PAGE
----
Nick Hentoff has worked as an investigative reporter and independent journalist. For the last twenty years he has worked as a criminal defense and civil liberties trial attorney specializing in drug defense, use-of-deadly force and police misconduct cases. He is admitted to practice law in New York State.
Nick has developed extensive case-based research, interviewing and writing skills through his work as a journalist and the management of criminal defense and human rights investigations. He has written bylined articles in The Wall Street Journal and has had multiple op-eds published in The New York Times, the Washington Post and other national publications and online media. He has interviewed and deposed hundreds of police officers regarding their training, departmental policy and the specific contents of individual police reports. He also has experience dealing with print and broadcast journalists in high profile cases, including numerous interviews and appearances on local and national news programs.
Nick Hentoff has also produced and hosted a two-hour weekly interview-based legal affairs radio program, “Citizen Lawyer Radio,” on 1010 KXXT Air America Phoenix. The program focused on social justice issues.
Nick Hentoff was hired to expand the White Mountain Independent's coverage of news from the Navajo Nation. He wrote articles on cultural, educational, criminal justice and environmental issues impacting the Navajo Nation. He wrote a series of articles on the efforts of parents and teachers to close reservation schools contaminated with asbestos, including a two part profile of the activists and how they battled the Federal bureaucracy to accomplish their goals.
In 1985, Nick Hentoff enrolled in the University of Arizona School of Law where he continued to work as a freelance journalist, publishing op-eds in The New York Times and The Washington Post, as well as articles in a number of national publications. Nick Hentoff also published two articles in the Arizona Law Review where he served as an Executive Editor.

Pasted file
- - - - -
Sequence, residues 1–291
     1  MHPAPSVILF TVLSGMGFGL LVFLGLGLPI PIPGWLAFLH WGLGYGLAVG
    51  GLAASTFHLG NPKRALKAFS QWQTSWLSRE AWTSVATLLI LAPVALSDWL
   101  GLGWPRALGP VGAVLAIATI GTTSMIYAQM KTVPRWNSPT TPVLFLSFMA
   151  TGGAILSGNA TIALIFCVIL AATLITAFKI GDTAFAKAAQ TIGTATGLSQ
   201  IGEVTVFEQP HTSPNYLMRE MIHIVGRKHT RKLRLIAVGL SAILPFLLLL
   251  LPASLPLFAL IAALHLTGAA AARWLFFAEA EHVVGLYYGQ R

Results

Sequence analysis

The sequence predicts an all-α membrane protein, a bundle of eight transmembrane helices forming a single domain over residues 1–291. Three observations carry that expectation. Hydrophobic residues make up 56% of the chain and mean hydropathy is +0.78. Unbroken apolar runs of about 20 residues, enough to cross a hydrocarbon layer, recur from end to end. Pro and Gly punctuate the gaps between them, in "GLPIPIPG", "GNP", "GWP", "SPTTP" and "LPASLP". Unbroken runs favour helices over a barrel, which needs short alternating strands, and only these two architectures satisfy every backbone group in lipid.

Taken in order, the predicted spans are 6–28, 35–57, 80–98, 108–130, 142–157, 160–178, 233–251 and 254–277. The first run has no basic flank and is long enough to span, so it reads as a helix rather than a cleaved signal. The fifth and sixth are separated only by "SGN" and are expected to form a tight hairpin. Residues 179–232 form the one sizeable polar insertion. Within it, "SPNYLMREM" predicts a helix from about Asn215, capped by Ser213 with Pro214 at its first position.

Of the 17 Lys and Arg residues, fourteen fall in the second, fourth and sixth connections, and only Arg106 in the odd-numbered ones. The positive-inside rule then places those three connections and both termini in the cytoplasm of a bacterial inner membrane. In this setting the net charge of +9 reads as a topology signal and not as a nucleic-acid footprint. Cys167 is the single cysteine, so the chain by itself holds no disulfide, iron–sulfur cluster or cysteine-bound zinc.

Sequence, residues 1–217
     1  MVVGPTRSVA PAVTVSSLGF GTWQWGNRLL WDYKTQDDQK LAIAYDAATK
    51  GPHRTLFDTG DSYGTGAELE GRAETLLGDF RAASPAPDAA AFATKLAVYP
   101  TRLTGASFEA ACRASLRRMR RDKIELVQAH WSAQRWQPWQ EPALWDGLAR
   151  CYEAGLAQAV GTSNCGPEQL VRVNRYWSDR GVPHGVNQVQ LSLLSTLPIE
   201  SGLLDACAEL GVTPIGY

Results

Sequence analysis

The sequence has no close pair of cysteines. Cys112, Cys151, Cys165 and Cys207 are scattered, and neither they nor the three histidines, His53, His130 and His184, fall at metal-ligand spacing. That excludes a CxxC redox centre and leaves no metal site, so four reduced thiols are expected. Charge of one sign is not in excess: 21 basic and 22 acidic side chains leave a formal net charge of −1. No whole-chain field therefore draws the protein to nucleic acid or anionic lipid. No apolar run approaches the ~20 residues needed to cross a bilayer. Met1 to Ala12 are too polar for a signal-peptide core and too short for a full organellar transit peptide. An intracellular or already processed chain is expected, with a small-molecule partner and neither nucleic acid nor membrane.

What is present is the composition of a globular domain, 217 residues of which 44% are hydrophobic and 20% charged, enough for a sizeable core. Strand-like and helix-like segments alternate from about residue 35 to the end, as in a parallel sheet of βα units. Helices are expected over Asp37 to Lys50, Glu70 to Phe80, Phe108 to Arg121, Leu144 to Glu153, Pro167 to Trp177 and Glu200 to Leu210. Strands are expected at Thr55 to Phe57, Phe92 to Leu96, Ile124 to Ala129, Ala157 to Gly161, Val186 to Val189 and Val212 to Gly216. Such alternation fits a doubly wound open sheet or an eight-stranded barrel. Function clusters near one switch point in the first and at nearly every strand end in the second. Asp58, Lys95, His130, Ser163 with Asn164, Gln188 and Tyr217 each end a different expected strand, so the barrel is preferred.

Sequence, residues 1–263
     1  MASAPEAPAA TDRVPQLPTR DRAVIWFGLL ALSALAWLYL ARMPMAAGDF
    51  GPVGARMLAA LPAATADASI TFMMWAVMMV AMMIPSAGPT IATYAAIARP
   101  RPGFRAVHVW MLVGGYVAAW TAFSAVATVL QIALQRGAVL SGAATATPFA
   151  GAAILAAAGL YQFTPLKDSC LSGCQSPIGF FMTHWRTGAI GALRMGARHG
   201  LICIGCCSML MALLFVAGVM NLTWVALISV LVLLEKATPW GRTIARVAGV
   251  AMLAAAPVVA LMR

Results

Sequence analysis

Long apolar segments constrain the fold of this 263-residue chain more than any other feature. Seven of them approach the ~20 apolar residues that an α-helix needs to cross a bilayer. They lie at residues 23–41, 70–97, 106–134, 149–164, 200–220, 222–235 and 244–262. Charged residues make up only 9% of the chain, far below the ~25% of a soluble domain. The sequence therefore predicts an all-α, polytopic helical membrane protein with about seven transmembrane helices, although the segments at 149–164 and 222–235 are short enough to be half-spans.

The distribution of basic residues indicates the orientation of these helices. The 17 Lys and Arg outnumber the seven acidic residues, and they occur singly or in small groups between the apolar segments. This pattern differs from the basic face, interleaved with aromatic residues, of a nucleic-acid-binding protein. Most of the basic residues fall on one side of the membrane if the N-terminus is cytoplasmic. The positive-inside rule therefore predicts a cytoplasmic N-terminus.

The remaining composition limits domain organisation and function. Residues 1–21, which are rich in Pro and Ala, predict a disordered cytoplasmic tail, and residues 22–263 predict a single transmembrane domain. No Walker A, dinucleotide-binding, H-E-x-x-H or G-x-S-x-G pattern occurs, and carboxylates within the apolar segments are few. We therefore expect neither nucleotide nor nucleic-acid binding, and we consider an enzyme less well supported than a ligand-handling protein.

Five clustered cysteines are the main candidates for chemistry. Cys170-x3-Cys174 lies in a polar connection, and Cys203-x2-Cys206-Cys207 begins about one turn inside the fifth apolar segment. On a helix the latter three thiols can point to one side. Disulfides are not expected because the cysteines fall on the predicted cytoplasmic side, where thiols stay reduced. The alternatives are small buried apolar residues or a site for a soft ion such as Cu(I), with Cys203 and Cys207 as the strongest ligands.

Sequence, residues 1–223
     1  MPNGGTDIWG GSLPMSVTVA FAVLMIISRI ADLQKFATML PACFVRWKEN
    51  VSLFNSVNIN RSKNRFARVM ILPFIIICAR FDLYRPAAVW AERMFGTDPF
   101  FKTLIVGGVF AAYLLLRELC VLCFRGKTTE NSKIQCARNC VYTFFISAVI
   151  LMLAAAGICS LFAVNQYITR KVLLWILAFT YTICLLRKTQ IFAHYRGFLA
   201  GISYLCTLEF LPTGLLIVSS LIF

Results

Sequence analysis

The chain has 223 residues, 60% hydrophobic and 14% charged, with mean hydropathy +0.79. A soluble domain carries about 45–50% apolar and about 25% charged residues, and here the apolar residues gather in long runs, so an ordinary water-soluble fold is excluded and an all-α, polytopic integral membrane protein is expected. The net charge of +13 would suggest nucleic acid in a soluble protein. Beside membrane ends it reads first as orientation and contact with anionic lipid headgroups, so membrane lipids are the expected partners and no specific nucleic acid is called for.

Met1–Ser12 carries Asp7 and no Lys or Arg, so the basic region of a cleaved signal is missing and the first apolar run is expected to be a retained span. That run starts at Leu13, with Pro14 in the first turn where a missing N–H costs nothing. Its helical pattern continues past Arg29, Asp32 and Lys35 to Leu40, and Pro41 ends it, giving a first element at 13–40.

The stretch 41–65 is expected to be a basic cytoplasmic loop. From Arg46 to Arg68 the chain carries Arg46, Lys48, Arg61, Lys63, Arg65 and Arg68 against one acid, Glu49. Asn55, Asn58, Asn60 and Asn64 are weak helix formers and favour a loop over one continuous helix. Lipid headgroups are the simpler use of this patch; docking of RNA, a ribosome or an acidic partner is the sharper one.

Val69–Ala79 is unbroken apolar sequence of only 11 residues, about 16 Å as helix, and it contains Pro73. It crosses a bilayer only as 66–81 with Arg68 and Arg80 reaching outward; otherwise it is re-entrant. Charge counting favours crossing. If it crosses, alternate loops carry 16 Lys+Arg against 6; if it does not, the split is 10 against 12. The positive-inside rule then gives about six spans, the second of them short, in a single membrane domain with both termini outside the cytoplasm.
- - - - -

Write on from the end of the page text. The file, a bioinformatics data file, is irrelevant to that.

From 1988 to 1990 Nick Hentoff served as a judicial clerk to the Honorable Charles L. Hardy, a United States District Court Judge for the District of Arizona. Following his clerkship, Nick Hentoff joined the Maricopa County Public Defender's Office where he worked as a trial attorney handling everything from misdemeanors to capital murder cases.
"Phoenix lawyer Nicholas Hentoff, who filed all three suits, suspects that jailers have become more aggressive since Arpaio took office in 1993 because his tough talk gives the impression that he condones abuse of inmates.....
Napolitano and other Justice Department officials declined to say what sparked the investigation. But civil-rights probes commonly begin after complaints are made to the department.
In February, Hentoff wrote to the Justice Department, saying sheriff's officials may be violating inmates' civil rights."
See Susan Leonard, Arpaio Faces Rights Probe, The Arizona Republic, September 10 1995 at A1.
Nick Hentoff is a lawyer who, in true Arizona style, is a member of both the National Rifle Association and the American Civil Liberties Union. In 1993 he was representing indigent inmates of the county jails, and he began noticing similarities in their accounts of torture by Arpaio’s guards. He filed suit on behalf of several such inmates, including Richard Post. When the case load became too much for him, he brought in another attorney, Joel Robbins. The lawsuits alleged that Arpaio created and nurtured a climate that encouraged the guards to abuse inmates.
The lawyers had a difficult task ahead of them. Arpaio’s popularity is like the summer heat in Arizona—it’s so relentless, so overwhelming, that it’s hard to imagine challenging it. When I told people what had happened to Richard Post, the most common response was, “Well, what had he done?” If Arpaio’s guards had tortured a paraplegic, he must have done something to deserve it. If other inmates were choked or beaten to death, it must have been their own fault. Criminals shouldn’t be mollycoddled. No one wanted to hear that 70 percent of those in jail hadn’t been convicted of anything. They were awaiting trial, didn’t have the money to make bail, and were presumed innocent.
The lawsuits started coming down, nearly a thousand of them, and many are still pending. So far, the total bill for jury awards and settlements is approximately $15 million. It would almost certainly be a few million more if Richard Post had taken his lawsuit to trial. Instead, just wanting it to be over, he accepted a settlement of $800,000.
In 2003 Nick Hentoff discovered, through a public records request, an e-mail that revealed undisclosed problems with the processing of DNA evidence in the City of Phoenix Crime Lab. The release of the email to the local press resulted in a review of crime lab procedures. See Susan Carroll, "Phoenix DNA evidence under fire: Possible contamination may hurt cases," The Arizona Republic, March 8, 2003.